SOMETIME IN 1969, during the making of Easy Rider, Dennis Hopper introduced his costar and producer, Peter Fonda, to Bruce Conner, the San Francisco–based artist and avant-garde filmmaker best known for the 16 mm found-footage collages he began showing in the late ’50s. “Bruce’s work was not soiled by any desire to make features,” writes Fonda in his deliriously earnest 1998 autobiography, Don’t Tell Dad. Fonda goes on to describe Conner’s visits to his home in LA. “We screened his movies and talked about our dreams. After watching his films—which I could do for hours—we often played music

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  • James Quandt on Richard Massingham

    HOW IS IT THAT A BRITISH DOCTOR fifty years dead, an oddball amateur who made advertisements and corporate training films, instructional works, and propaganda for the Orwellian-sounding Ministry of Information, is suddenly being discovered as one of the great eccentrics of film history? The coercive power of arcana has seen masters displaced by marginals in many fields, but until recently it did little for the reputation of Richard Massingham (1898–1953). Massingham once seemed destined for posthumous stardom after Henri Langlois, cofounder of the Cinémathèque Française and mentor to the French

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  • American Splendor

    AMERICAN SPLENDOR, Shari Springer Berman and Robert Pulcini’s tatty, tender, volatile, and, yes, splendid biopic of Harvey Pekar, takes its name from the series of underground comic books that Pekar began publishing in 1976. Issued just about annually, the comics are autobiographical. Their subject is the daily life of a working-class autodidact who supported himself for nearly four decades (even after he achieved underground fame) working as a file clerk at a Veterans Administration hospital in Cleveland.

    A connoisseur of marginalia, Pekar homes in on quotidian details of social interaction as

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  • the making of American Splendor

    Last January a movie based on my comic book series, American Splendor, won the Grand Jury Prize at Sundance. Man, that’s hard for me to believe. Don’t get me wrong, I thought the movie was excellent, but I’m not used to winning anything. My comics sell so lousy. People are always coming up to me and saying how much they like them. I want to reply, “Yeah, but did you ever buy one?” What I did for a living—I’m retired now—was to be a flunky file clerk for the federal government, mostly for the Cleveland VA Hospital, for thirty-seven years. I mean, it was steady work with pretty good fringe benefits,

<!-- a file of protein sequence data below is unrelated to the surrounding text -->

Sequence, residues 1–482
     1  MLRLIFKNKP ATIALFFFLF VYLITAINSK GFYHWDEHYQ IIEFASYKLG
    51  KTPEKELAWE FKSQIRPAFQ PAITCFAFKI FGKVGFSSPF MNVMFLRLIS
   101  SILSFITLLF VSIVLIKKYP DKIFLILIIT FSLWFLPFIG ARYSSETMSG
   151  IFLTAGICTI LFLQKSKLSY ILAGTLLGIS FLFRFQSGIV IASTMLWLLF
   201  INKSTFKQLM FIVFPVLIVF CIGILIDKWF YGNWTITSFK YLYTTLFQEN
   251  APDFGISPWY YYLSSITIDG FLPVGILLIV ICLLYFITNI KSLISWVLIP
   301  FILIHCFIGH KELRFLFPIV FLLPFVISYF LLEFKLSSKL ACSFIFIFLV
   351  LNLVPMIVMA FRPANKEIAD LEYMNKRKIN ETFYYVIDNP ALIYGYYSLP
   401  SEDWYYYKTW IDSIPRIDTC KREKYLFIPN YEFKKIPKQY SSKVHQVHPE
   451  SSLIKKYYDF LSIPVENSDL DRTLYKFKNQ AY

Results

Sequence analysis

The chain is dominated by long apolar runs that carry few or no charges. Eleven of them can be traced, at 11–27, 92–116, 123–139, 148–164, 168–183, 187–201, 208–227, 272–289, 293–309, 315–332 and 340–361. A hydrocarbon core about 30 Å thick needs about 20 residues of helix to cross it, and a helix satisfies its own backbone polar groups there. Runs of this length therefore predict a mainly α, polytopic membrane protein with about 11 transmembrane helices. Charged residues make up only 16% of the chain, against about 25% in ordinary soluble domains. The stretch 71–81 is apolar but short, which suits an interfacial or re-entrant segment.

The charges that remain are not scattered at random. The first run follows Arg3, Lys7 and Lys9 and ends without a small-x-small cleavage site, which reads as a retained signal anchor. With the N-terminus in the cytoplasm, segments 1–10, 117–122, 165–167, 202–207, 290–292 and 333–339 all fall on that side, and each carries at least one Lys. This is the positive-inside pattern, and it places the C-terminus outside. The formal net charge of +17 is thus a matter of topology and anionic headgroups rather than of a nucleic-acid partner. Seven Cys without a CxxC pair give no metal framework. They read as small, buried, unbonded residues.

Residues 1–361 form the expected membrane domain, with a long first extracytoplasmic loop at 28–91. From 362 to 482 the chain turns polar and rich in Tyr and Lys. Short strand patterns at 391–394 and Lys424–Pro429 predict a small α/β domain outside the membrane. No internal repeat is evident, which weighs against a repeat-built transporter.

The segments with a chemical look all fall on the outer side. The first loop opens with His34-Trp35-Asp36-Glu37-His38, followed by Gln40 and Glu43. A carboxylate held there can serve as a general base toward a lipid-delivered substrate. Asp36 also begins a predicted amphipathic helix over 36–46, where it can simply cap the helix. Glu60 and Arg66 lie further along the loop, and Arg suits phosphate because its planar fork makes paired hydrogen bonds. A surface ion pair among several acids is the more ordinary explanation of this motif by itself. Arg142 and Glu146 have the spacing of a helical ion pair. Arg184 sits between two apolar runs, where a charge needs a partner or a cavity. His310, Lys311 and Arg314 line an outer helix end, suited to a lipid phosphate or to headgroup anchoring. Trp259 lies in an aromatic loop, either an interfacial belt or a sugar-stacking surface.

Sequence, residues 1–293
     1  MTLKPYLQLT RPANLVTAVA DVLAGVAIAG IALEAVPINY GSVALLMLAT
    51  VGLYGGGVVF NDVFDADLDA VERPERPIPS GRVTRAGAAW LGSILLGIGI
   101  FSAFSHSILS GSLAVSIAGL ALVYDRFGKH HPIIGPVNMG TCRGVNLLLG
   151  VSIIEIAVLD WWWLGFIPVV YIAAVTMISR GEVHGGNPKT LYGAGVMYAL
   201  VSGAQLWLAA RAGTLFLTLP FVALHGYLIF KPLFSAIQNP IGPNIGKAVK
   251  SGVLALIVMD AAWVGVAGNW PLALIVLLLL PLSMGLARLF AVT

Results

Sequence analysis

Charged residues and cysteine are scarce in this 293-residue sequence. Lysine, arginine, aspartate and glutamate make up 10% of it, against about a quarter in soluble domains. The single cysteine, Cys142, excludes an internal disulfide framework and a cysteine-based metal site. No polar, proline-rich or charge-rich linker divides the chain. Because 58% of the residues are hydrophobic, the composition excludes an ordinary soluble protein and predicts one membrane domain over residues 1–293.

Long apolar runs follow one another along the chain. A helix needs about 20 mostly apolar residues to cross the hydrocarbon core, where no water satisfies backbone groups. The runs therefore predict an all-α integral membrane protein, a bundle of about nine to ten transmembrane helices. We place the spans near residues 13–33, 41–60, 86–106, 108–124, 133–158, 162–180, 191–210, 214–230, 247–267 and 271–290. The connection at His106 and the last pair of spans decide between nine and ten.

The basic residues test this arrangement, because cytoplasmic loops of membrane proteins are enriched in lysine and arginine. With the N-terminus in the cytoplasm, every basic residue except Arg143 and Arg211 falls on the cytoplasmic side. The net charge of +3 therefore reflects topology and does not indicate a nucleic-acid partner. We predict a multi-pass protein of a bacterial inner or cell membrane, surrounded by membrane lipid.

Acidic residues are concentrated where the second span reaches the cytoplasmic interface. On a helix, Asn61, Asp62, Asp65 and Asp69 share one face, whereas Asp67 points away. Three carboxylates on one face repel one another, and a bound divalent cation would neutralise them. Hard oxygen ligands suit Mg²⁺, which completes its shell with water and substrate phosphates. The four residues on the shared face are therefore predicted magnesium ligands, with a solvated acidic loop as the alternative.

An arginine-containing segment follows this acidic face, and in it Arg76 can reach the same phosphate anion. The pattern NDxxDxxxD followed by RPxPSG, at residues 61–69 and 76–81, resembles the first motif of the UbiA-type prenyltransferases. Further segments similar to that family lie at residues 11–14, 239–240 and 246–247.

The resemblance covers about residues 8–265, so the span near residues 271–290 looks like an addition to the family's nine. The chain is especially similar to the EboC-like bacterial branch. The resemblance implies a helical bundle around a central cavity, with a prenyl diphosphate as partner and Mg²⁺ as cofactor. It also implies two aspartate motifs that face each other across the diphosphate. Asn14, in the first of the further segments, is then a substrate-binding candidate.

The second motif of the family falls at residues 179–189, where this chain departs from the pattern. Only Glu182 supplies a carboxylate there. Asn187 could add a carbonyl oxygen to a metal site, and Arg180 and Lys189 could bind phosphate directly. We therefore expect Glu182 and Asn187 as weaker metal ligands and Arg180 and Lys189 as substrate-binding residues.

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  • Geoffrey O’Brien on The Man Without a Past

    “MY HEAD’S DAMAGED somehow. I don’t even remember who I am.”

    “My, that’s bad. Care for a cup of coffee?”

    This snatch of dialogue sums up quite well the clipped and unflappable tone of Finnish filmmaker Aki Kaurismäki’s sixteenth feature, The Man Without a Past, a movie where, within the first three minutes, the worst has already happened: After a few tranquil establishing shots just detailed enough to let us surmise that a stranger is arriving in a city by train, the unknown man whose acquaintance we have only just made sits on a bench and without a pause is accosted by skinheads, who knock him

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  • Spider

    DAVID CRONENBERG’S SPIDER stars Ralph Fiennes as a mentally disturbed man whose web of defenses unravels when he’s transferred from an asylum to a halfway house in the squalid East End London neighborhood where he lived as a child. The film—which premiered at Cannes in May and opens this month in New York and Los Angeles—is adapted from the 1990 novel of the same name by Patrick McGrath, who also wrote the screenplay. An astonishing balancing act, Spider is both faithful to the novel and a distinctly Cronenbergian work. In both form and meaning, it is the most impeccably realized and rarefied